Election year Budgets, illusions and conjuring tricks

Dr Bryce Wilkinson
Insights Newsletter
26 May, 2017

On television early yesterday evening I saw a well-known presenter give Budget 2017 an 8 out of 10 for massaging the electorate. A subtitle read “something for everyone”.

Really? Can shuffling the same deck of cards improve everyone’s hand? That would be a conjuring trick.

Election year Budgets are first and foremost about taking and spending voters’ money. They don’t create more money. They reshuffle it. Billions more dollars are to be spent.

How can everyone be better off? Actually, we probably would be if we were spending our own money. Otherwise we would not spend it. That is the virtue of freedom of exchange. Mutual benefit from voluntary exchange is no conjuring trick.

Let’s look at Budget 2017 from that perspective. (In a longer article we evaluate it from the ‘what needs to be done’ perspective of our Manifesto 2017.)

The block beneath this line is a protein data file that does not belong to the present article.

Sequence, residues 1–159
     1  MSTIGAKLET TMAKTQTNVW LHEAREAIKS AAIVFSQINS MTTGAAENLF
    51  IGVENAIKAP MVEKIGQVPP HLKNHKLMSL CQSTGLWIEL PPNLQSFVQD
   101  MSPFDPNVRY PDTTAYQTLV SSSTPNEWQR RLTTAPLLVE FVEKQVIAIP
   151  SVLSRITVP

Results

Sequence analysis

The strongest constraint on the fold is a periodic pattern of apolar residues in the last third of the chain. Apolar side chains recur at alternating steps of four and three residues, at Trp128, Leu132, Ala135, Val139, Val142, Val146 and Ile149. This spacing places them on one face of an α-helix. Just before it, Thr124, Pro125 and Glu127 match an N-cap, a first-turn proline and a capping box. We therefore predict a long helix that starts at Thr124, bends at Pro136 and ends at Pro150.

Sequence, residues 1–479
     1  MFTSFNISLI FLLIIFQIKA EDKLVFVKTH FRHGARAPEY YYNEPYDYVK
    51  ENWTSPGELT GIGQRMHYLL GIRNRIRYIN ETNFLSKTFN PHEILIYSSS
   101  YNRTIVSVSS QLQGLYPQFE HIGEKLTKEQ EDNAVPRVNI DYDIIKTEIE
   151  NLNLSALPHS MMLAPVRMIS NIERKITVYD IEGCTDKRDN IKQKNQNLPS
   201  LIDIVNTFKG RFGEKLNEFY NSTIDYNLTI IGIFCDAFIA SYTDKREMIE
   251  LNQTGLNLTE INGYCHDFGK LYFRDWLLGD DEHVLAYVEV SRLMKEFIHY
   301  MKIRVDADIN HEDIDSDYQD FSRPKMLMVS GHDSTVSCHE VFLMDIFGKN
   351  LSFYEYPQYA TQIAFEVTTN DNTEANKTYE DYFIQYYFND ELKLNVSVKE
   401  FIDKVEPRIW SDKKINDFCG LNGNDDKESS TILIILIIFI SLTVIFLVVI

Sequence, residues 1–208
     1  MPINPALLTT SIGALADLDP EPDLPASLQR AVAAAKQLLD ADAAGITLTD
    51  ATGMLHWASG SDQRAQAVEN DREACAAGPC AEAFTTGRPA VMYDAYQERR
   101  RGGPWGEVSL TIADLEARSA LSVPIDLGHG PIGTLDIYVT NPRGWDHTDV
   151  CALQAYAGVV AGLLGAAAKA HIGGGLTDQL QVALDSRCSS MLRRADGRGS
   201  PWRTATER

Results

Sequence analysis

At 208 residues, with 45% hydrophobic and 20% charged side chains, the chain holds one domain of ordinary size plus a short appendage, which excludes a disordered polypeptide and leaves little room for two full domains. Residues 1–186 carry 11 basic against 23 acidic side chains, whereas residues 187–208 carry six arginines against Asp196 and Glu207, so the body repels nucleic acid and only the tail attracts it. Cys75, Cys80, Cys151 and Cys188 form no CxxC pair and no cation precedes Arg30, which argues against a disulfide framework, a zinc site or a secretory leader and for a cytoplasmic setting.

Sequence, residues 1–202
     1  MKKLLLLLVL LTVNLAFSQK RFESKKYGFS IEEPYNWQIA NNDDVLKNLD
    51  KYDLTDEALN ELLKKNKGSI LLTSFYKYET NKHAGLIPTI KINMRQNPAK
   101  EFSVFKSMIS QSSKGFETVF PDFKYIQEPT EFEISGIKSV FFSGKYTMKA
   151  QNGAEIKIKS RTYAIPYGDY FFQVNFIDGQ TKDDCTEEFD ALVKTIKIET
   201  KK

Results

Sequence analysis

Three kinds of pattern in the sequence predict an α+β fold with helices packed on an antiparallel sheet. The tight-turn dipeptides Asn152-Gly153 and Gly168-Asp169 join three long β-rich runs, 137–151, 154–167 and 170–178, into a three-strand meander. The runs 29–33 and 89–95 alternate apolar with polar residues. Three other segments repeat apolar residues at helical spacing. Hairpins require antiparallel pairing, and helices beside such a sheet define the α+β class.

The Budget-at-a-Glance document highlights new spending of $1 billion on a “growing economy”, $4 billion on infrastructure, $7 billion on public services, $2 billion in a family incomes package, and $321 million to improve the lives of the most vulnerable.

If that seems a bit parsimonious, turn to the Capital-at-a-Glance document. It pledges to spend $11 billion in new capital from 2017-2020. Adding existing commitments takes the total to $32.5 billion over the next four years. This is ‘the biggest increase in decades”. Are you feeling a warm glow now?

So, who is paying for all this? Not us workers surely. We are getting tax cuts because tax thresholds are increasing, lowering our average rate of tax.

That’s the conjuring trick. Check out the budget tables. Forecast tax revenues rise by 28% between 2016 and 2021. That matches the forecast growth in gross domestic product. (CPI inflation is 10-11%.) That’s a classic election year “tax cut”.

Basically, that additional spending represents less spending by those who earned the income being spent. Are we all better off nonetheless?

We would be if we would have spent or given away our money on the same things.  But then it would not have been necessary to tax us.

In short, what is critical is the quality of existing and proposed spending. Don’t expect much information about quality in an election-year Budget. If enough voters want the illusion of a lolly scramble, that is what we will all get. 

Stay in the loop: Subscribe to updates